Paris - Spain's troubled economy will not follow Greece and Ireland in seeking international financial aid, Finance Minister Elena Salgado said in a newspaper interview published on Monday.
Following weeks of market turbulence triggered by fears that Spain could be next in line for a financial debacle, Salgado emphatically ruled out Madrid taking a bailout.
"No", she told Les Echos business newspaper, "because our (economic) fundamentals do not justify it."
Greece fell to major imbalances in its public accounts not only due to the crisis while Ireland's troubles "were caused by its banks," she added.
She said that the Spanish fund to help restructure insolvent banks would be sufficient in case of large losses.
"Its capacity is €99bn, and only €11bn has been mobilised so far. Given that the interest rate is seven percent, there is little risk that this facility will be used needlessly," said Salgado.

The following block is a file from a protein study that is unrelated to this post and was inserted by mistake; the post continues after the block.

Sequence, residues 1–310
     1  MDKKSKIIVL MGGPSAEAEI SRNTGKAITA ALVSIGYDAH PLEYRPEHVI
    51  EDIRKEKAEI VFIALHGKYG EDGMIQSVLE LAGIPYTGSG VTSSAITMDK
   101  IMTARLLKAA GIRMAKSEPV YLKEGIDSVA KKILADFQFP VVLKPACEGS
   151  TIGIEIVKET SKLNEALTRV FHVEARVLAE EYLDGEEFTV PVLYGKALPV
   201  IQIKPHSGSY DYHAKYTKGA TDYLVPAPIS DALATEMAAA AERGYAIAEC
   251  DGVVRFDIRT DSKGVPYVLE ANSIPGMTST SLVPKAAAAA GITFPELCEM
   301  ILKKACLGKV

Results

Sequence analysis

In the wake of the Ireland rescue, driven by Dublin bailing out its insolvent banks, investors have begun to get more anxious about Spain's heavily indebted banks which were wounded by the bursting of the country's property bubble.
Investors were not reassured by Spanish government statements that the country will be able to master its fiscal difficulties and relaunch growth, and drove up interest rates the state must pay to borrow to record highs.
Even the European Commission expressed doubts last week about the Spanish government's ability to reduce its public deficit to 6.0% of gross domestic product next year from this year's target of 9.3%.
Spanish Prime Minister Jose Luis Rodriguez Zapatero then announced on Wednesday his government would sell 30% of the state-owned lottery, 49% of airport management company AENA, scrap a jobs subsidy and lower taxes on small- and medium-sized businesses.
Coupled with stepped-up purchases by the European Central Bank at the end of last week, yields eased on Spanish government bonds.